Unbreakable is arguably one of M. Night Shyamalan’s best films, so I’m definitely looking forward to its sequel next year. Split was also a return to form for the director, so I’m anticipating that Unbreakable 2 or “Glass” will be equally strong as a film.
James McAvoy’s acting in Split is nothing short of amazing. The fact that he came in at the last minute to replace Joaquin Phoenix, had very little time to prepare, yet still managed to create several memorable personalities is nothing short of astounding. Imagine what he’ll be able to accomplish given even more time when preparing for Glass.
Having recently re-watched Unbreakable, after having watched Split, there was a line that caught my attention. It comes from the art gallery opening that Samuel L. Jackson’s Mr. Glass is hosting. An art gallery opening of comic book artwork. Bruce Willis’s David Dunn is in attendance and chatting with Mr. Glass’ mother about the villain on a comic book cover. She comments that there are two kinds of villains:
“…there’s the soldier villain, who fights the hero with his hands; and then there’s the real threat — the brilliant and evil archenemy — who fights the hero with his mind.”
This quote immediately stuck with me, because we’re about to get both in Glass. David Dunn is going to have to fight a soldier villain in the form of James McAvoy’s The Horde and he’s going to have square off again against his archenemy, Mr. Glass. Now that’s really going to be something to see.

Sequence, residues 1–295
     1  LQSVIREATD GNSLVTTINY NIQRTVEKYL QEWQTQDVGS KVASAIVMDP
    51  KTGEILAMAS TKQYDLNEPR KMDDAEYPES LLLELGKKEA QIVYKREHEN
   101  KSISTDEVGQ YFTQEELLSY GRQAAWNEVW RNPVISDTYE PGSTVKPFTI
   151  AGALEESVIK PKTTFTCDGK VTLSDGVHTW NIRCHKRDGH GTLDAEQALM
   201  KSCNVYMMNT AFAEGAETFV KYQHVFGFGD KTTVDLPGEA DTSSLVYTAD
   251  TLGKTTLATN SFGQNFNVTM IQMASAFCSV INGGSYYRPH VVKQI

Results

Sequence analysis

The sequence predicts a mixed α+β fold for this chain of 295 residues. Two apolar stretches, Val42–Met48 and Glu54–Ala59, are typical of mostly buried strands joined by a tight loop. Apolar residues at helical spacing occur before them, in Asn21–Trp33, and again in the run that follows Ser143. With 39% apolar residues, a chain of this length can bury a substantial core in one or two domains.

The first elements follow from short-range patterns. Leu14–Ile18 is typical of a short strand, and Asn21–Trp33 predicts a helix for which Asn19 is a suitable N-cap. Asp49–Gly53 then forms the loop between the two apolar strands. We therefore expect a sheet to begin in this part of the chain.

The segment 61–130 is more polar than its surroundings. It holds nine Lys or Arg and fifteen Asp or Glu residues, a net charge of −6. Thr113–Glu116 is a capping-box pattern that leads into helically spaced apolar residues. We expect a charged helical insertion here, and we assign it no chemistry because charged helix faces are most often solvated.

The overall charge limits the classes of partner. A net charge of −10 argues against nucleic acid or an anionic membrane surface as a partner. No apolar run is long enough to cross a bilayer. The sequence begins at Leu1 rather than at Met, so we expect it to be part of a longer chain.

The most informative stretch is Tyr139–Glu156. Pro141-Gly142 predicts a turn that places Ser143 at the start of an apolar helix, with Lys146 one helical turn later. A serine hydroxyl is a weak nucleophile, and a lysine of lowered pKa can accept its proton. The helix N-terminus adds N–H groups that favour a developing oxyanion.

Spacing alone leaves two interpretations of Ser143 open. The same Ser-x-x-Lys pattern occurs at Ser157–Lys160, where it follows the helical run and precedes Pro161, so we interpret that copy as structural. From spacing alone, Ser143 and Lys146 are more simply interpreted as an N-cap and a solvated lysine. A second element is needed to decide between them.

It must’ve been 15 or 16 years since I last watched Unbreakable, but some moments are still stuck in my memory: When Samuel L. Jackson falls down the stairs and his glass cane shatters, when Bruce Willis’ son in the movie puts all the weights on the bench press, and, of course, the reveal at the end.
My fellow high school friends at the time, Mike and Matt, could not believe that we’d not only watched a great movie, but a great comic book movie. I would argue, even with all the comic book movies out there today, that Unbreakable is still one of the best comic book films in the genre.
Re-watching Unbreakable now, I still felt the weight of everything that happened when Jackson and Willis shake hands at the end. The emotion I felt now is still as strong as when I first watched the DVD, hanging out at Mike’s house late one evening, all those years ago. My heart goes out to Bruce Willis’ character as he turns and walks away from his new friend, having each found their place in the world, listening to his new archenemy say, “Now that we know who you are, I know who I am… They called me Mr. Glass.”
We learn from the text across the screen at the end of the film that Mr. Glass is committed to a mental institution. We learn at the end of Split that Jame’s McAvoy’s The Horde is still out there. Will he break Mr. Glass out of the institution? How will they team up? Only M. Night Shyamalan knows those answers.
You know what? I don’t want to know. Not yet. I want to be surprised when I go see the movie.
Nobody spoiled Unbreakable for me back in day and that made the film even more amazing. I want that feeling when I go watch Glass. Somebody spoiled the cameo in the cafe at the end of Split. However, it didn’t mean that the rest of the film wasn’t great and it didn’t mean that it wasn’t one of the best cameos ever!
With such great actors and a re-emerging great director, I don’t think anything can shatter my expectations for Glass.